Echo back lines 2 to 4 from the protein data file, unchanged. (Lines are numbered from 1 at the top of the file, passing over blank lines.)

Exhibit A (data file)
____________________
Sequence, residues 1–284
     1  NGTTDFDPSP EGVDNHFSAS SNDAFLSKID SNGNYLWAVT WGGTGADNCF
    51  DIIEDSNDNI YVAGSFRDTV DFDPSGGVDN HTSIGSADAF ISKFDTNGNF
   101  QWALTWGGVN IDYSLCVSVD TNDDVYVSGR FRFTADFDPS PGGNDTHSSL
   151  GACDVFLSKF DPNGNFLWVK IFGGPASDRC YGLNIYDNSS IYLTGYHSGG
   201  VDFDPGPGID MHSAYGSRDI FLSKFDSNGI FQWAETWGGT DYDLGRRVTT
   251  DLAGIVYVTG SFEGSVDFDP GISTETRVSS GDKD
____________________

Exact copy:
     1  NGTTDFDPSP EGVDNHFSAS SNDAFLSKID SNGNYLWAVT WGGTGADNCF
    51  DIIEDSNDNI YVAGSFRDTV DFDPSGGVDN HTSIGSADAF ISKFDTNGNF
   101  QWALTWGGVN IDYSLCVSVD TNDDVYVSGR FRFTADFDPS PGGNDTHSSL